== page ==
“The (high) estimates are for expert-led monitoring that as the authors themselves admit will finally at best yield estimates. The question then, would be, whether we want a monitoring that gives us accurately wrong information by experts or approximately correct information led by communities? Participatory monitoring not just gives you approximately correct data, it also engages communities in understanding and analyzing data thereby raising their critical consciousness and self esteem and make them not just recipients, but active partners.”

And last, but not the least, as Praxis experience with the shows, these are “testimonies of people’s capacities to vision for a future that is achievable”.

Tom ends with a call for action, urging the audience to help communities and civil society organisations claim spaces of participation within the post-2015 framework.

You can read the full speech here


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India, in the context of the post-MDG debates

As the race towards the final leg of the MDGs is on the way, debates from various quarters in the world have already started on what developing a post-MDG framework. With respect to the achievement of various goals, official statistics suggest a very dismal picture in India. According to various reports, India is far from achieving many of the crucial goals, particularly those on reducing child and maternal mortality. Despite a robust economy, administrative failures and ignorance of governance issues have largely accounted for this lag in the achievement of the goals. The MDGS being largely quantitative benchmarks have resulted in exposing loopholes in the India approach towards the MDGs. For example, Goal 2 looks at achieving universal primary education, and the enrollment rates in India have been very high. But this does not reflect on the quality of education, or explain the high dropout rates as well. In comparison, the progress of India’s smaller neighbours has been remarkable. Bangladesh, Sri Lanka and Nepal are said to be on track for many of the goals, such as reducing mortality, increasing women’s literacy and health coverage.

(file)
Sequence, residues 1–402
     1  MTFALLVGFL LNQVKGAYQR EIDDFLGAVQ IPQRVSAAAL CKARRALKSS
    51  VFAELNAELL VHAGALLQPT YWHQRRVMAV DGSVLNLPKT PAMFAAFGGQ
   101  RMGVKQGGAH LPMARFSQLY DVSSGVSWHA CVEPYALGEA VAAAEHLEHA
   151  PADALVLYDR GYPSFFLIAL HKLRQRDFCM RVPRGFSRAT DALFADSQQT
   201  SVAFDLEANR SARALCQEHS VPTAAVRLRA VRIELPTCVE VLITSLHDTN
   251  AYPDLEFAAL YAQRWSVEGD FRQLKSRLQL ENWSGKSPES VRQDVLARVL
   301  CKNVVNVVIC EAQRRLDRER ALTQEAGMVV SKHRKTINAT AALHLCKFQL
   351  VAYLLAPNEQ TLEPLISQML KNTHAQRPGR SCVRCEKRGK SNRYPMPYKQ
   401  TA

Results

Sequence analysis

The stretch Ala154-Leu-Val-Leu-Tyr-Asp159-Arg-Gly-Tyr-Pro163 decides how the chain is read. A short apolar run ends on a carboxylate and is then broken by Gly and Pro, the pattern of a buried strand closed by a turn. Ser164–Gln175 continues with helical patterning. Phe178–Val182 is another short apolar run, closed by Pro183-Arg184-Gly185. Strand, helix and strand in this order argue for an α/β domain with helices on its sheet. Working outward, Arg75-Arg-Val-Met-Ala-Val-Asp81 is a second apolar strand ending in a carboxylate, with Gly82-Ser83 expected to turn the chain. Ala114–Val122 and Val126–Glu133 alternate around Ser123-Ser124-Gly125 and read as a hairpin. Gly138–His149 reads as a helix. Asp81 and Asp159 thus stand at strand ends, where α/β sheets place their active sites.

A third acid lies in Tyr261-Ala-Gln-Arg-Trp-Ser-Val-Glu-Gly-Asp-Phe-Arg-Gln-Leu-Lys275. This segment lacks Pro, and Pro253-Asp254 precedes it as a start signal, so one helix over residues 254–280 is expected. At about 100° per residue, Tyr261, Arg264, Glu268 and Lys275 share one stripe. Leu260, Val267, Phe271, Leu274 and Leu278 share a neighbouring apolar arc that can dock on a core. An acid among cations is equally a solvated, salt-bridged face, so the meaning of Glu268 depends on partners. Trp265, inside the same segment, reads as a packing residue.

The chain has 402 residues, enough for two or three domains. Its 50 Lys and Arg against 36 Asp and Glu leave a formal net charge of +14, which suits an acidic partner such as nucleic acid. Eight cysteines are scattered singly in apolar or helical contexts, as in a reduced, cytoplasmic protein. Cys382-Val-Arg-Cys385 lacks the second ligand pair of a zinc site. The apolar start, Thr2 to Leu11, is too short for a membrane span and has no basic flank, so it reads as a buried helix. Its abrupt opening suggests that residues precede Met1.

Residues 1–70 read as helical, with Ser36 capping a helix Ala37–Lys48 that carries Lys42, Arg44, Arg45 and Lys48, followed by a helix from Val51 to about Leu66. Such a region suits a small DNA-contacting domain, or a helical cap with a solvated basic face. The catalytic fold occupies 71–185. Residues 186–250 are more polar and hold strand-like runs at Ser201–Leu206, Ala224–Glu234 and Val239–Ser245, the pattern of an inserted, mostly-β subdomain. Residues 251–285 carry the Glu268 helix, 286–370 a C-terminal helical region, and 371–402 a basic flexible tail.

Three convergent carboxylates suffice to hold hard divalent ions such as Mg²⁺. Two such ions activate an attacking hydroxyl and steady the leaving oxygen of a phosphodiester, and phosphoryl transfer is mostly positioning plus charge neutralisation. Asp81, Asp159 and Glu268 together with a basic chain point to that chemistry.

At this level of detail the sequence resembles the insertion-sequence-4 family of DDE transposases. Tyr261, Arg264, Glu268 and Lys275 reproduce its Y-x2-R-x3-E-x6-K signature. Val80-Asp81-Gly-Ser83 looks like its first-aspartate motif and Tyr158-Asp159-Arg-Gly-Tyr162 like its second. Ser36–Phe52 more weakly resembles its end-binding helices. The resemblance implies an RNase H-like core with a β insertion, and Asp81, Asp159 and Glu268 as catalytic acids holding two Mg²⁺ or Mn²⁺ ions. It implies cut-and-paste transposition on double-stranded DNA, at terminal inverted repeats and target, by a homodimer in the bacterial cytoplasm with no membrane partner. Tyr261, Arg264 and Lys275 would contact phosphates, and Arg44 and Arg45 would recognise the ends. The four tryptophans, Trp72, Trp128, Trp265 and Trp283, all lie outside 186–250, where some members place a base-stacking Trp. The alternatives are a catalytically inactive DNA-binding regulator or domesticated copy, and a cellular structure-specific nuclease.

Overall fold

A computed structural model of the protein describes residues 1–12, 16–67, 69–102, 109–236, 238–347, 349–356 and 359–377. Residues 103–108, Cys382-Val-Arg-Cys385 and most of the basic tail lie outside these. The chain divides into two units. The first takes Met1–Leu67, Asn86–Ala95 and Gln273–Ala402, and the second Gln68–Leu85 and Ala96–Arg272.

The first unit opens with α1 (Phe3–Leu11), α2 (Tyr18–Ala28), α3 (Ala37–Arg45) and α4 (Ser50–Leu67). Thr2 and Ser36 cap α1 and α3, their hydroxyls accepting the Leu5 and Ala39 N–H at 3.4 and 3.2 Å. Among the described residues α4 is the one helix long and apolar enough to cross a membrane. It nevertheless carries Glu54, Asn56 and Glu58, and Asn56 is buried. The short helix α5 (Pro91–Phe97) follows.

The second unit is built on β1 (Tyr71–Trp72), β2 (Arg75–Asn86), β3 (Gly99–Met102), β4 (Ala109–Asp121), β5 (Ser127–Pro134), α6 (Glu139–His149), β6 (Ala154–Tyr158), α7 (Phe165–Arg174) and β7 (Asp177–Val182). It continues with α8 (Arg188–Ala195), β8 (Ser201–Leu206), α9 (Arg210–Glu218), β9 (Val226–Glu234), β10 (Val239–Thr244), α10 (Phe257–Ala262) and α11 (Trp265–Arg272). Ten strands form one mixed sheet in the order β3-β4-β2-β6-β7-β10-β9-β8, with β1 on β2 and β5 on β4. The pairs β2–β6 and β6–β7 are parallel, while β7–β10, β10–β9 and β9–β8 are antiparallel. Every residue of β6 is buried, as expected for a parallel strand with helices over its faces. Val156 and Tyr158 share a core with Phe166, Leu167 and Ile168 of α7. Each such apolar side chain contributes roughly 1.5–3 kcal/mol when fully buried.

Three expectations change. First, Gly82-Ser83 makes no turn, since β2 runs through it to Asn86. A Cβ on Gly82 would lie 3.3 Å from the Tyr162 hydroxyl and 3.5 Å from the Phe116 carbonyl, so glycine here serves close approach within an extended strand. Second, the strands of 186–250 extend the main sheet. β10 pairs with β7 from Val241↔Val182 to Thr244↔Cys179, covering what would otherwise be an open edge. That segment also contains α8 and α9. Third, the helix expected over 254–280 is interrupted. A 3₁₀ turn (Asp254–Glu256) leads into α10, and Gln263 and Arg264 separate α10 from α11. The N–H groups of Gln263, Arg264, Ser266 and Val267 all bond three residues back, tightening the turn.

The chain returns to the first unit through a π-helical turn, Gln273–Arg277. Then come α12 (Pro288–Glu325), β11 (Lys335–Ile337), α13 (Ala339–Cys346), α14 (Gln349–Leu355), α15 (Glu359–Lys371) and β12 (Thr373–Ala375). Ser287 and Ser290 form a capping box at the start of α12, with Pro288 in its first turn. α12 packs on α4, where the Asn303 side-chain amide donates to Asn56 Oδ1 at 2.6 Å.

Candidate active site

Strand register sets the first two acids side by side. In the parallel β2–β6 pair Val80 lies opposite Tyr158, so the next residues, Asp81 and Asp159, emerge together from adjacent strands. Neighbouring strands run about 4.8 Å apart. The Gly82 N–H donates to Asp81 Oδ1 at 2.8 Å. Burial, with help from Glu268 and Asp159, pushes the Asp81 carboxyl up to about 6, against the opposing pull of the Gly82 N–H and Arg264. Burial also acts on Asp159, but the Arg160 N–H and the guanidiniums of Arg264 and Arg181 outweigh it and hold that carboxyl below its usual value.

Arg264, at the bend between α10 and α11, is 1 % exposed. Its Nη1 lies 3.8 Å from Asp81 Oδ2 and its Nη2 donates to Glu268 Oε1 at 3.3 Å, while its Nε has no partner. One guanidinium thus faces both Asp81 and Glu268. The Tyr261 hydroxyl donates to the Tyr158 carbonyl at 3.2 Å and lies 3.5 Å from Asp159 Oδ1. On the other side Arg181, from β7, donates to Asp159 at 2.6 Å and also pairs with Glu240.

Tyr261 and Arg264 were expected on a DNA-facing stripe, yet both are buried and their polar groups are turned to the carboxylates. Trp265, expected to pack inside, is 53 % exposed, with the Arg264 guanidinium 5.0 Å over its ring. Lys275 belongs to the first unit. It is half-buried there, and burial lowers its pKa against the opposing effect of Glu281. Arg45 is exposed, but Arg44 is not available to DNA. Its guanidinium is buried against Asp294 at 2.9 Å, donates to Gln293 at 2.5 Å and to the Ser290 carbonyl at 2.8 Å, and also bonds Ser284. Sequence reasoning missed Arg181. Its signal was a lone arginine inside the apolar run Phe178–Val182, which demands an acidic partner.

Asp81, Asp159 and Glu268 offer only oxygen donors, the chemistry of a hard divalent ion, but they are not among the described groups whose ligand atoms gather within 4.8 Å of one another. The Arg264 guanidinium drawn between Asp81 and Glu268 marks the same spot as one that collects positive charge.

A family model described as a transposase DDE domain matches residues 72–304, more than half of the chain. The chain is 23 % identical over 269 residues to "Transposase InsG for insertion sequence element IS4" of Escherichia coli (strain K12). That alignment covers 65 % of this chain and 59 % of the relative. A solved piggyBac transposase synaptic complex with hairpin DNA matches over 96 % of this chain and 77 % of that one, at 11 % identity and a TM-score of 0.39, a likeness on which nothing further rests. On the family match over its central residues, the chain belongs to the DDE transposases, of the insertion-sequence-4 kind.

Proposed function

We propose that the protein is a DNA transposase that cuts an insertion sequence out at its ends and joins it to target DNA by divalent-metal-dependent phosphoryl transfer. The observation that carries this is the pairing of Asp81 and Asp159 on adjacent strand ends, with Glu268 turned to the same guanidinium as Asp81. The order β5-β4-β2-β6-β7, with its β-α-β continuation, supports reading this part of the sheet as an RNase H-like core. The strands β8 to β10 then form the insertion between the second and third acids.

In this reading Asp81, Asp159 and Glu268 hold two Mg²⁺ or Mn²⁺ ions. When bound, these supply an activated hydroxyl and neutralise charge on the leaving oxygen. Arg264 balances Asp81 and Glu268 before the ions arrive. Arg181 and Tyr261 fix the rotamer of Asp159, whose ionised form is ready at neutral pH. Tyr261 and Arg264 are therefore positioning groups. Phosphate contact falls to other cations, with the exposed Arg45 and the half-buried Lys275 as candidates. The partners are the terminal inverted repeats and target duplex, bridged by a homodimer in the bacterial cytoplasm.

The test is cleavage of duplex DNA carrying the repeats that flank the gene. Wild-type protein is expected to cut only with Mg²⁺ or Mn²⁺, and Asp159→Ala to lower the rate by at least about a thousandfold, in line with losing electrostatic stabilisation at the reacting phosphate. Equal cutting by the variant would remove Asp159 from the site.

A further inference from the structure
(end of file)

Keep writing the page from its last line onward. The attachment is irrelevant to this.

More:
With this in mind, several international and local civil society organizations have launched various initiatives in order to push for a framework that looks at addressing the gaps of the MDGs goals, as well areas previously unaddressed by the original MDGs framework itself.

At Praxis, as part of Participate initiative, we have been involved in bringing perspectives of the most marginalised and the poorest into decision-making processes, ensuring that voices of the marginalised are heard in the right places, facilitating research and advocacy with communities to inform and enrich the post-2015 development framework. So far, our efforts have led to the creation of participatory videos with sexual minorities and urban poor communities as well as with Praxis team members being part of various meetings and forums where post 2015 issues are discussed.

From July 14th – 19th 2013, Praxis is organizing a Ground Level Panel  in New Delhi, where representatives of communities that have experienced who experience poverty, insecurity and exclusion along with Civil Society members will reflect on the recommendations of the High Level Panel’s recommendations.

This is only one of various initiatives being organized across India. We would like to reflect on some of them, and this list is not intended to be a comprehensive assessment of all the work being towards this end.